Abraham Lincoln

Ken and Robin Consume Media: Spooky Archeaology and an Ass-Kicking Broderick Crawford

April 28th, 2020 | Robin

Ken and Robin Consume Media is brought to you by the discriminating and good-looking backers of the Ken and Robin Talk About Stuff Patreon. Each week we provide capsule reviews of the books, movies, TV seasons and more we cram into our hyper-analytical sensoriums. Join the Patreon to help pick the items we’ll talk about in greater depth on a little podcast segment we like to call Tell Me More.


Brooklyn Nine Nine Season 7 (Television, US, NBC, Dan Goor, 2020) Holt (Andre Braugher) tries to ramp down his commanding presence after being bumped down to uniform duty; Jake (Andy Samberg) and Amy (Melissa Fumero) decide that it’s time to have a baby. The most consistently funny and well-crafted sitcom on TV doesn’t have to deliver tight payoffs and dovetailed plotting, but the writer’s room takes the extra effort nonetheless.—RDL

The Mob (Film, US, Robert Parrish, 1951) A fatal mistake forces a weary, wisecracking police detective (Broderick Crawford) undercover in search of the mob mastermind running the city’s waterfront. Hardboiled cop thriller offers the beefy Crawford the chance to appealingly play an unlikely action hero.—RDL

Spooky Archaeology (Nonfiction, Jeb J. Card, 2018) Oh boy oh boy: chapter subjects include relic-hunting, occultism, lost continents, spies, witches, and Cthulhu, all through the lens of archaeology and its warped cousins. Card provides that most useful of auctorial voices: the skeptical eliptonist, lovingly describing some Bad Archaeology and then debunking it. A thousand RPG hooks nestle within: dig ‘em up! –KH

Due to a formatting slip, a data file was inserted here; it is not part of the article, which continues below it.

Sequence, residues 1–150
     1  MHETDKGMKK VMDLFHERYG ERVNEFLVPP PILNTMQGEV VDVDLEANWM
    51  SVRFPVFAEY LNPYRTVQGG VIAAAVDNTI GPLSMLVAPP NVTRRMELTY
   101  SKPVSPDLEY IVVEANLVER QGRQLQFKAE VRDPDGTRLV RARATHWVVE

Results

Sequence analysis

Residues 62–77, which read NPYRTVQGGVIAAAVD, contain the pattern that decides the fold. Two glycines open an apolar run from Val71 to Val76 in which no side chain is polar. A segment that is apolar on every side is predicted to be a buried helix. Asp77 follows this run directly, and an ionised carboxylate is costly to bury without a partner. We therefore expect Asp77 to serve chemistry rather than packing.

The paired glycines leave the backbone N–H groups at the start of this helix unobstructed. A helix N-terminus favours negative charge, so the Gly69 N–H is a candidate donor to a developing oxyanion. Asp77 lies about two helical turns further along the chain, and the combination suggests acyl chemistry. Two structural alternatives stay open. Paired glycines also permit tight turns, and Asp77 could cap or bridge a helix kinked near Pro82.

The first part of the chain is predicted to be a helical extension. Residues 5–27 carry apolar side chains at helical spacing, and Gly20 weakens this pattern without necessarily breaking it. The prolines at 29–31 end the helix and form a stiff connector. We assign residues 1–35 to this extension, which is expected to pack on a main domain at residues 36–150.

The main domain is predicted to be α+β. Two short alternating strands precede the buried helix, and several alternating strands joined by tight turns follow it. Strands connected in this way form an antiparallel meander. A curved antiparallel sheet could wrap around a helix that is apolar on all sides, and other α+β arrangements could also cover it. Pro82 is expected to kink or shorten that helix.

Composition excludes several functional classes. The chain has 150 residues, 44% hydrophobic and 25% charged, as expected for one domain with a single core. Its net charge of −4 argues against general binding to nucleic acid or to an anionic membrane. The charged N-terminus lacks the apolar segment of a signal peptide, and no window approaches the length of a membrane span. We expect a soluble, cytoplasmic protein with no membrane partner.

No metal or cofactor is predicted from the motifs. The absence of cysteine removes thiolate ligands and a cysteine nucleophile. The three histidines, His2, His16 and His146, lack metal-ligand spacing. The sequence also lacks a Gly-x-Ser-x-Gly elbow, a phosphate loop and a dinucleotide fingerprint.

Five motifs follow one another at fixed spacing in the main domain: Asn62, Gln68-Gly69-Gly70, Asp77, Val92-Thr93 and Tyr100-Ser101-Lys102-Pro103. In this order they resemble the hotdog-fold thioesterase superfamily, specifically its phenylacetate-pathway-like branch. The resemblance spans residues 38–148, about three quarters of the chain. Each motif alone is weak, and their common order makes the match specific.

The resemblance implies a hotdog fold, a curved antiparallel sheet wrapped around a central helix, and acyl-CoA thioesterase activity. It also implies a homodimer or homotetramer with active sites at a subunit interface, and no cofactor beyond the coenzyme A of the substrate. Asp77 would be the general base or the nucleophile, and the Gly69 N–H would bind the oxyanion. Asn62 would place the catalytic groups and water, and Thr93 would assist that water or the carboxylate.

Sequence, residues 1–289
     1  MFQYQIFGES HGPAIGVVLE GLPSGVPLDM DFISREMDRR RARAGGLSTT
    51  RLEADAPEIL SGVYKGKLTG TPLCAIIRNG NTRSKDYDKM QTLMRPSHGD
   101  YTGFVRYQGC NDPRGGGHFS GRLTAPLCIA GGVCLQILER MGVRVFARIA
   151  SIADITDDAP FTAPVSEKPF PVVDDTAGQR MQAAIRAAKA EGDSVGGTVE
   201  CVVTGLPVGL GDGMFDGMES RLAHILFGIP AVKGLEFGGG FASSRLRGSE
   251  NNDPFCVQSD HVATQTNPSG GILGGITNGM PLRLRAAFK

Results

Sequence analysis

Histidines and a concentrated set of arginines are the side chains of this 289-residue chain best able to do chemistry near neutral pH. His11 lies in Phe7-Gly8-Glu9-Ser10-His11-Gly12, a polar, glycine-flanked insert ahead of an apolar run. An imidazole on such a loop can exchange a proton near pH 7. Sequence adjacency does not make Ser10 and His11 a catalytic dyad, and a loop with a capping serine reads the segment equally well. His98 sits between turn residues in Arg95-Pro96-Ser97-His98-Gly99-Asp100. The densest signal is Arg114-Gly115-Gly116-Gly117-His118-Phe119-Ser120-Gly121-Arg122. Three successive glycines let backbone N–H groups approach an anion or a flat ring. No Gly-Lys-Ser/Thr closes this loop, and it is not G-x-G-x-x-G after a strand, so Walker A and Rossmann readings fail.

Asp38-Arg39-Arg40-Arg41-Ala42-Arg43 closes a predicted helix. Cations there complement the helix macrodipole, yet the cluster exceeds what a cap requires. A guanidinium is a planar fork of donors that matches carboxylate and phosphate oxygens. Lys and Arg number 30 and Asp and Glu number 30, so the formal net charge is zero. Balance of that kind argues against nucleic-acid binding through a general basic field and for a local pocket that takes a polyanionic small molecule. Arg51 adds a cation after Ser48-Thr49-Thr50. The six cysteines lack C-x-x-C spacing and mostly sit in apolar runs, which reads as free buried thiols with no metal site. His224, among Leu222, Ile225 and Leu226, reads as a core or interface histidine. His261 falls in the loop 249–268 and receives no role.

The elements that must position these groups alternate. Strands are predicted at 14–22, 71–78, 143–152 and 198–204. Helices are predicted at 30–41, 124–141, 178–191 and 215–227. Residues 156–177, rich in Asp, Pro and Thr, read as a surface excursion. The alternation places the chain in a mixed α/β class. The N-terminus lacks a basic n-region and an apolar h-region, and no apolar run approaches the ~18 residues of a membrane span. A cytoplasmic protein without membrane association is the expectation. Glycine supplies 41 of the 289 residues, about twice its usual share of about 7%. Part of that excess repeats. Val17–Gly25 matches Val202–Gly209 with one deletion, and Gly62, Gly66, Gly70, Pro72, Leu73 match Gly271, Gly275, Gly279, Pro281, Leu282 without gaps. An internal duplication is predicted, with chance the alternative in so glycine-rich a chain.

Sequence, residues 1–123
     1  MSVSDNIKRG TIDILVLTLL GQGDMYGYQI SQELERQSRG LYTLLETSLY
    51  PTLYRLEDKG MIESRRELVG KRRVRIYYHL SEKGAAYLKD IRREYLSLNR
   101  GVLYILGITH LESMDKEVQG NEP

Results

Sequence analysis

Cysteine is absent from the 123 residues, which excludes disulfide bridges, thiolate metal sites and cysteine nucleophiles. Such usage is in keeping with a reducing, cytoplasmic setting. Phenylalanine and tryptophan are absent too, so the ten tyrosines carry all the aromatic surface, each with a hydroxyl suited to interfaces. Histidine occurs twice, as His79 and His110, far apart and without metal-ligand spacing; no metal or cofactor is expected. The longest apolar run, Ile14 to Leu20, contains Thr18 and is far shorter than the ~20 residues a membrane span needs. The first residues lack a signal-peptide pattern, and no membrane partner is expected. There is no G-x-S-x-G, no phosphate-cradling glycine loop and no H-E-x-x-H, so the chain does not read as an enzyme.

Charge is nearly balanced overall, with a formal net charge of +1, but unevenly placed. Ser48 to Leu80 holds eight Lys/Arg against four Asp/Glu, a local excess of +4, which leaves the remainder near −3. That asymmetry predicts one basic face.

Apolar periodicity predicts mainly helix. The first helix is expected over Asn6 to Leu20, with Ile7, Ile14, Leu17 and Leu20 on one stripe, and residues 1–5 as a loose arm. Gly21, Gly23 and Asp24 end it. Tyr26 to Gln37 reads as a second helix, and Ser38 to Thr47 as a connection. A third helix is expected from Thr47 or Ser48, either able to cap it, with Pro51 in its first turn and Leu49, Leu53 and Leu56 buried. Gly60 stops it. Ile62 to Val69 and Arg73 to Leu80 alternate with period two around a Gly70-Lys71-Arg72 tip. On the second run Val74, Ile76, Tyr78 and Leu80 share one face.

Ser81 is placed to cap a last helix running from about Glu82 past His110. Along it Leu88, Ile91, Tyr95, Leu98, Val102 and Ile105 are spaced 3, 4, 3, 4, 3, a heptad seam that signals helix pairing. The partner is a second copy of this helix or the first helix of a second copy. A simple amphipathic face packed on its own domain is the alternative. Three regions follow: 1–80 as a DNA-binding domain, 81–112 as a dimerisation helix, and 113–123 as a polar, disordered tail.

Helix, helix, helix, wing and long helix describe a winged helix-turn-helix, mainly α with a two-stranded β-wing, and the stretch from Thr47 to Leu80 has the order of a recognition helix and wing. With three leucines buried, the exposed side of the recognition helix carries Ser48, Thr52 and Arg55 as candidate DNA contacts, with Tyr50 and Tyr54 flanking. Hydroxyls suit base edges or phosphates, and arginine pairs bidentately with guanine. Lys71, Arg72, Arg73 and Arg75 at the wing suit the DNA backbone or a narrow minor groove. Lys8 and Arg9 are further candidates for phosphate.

Big Planet (Fiction, Jack Vance, 1948) Earthmen on a mission to suppress a rising dictator on a metal-poor world colonized by outcasts centuries ago undertake an arduous trek to safety after their sabotaged ship crash-lands. Marshals many of Vance’s key motifs and themes, including picaresque journeying, cultural devolution, sudden brutality, despicable villains, and elaborate hats, with the deadpan verbal play hinted at but yet to blossom.—RDL

Extraction (Film, US, Sam Hargrave, 2020) Mercenary with a death wish Tyler Rake (Chris Hemsworth) inserts into Dhaka to rescue the kidnapped son of a Mumbai drug lord. The film alternately squanders and trips over its plot, and Hemsworth barely changes demeanor for two hours, but the excellent action and gunfight choreography (which is most of the film, to be fair) justifies its Good rating. Golshifteh Farahani and Randeep Hooda are wasted as Rake’s handler and opposite number, respectively. –KH


Once Were Brothers: Robbie Robertson and the Band (Film, Canada, Daniel Rohr, 2019) Arts profile doc in which Robertson looks back at the brief heyday of the band that defined Americana before anyone used the term. This adaptation of Robertson’s autobiography shows a music legend who has always taken great care over his self-presentation doing exactly that.—RDL

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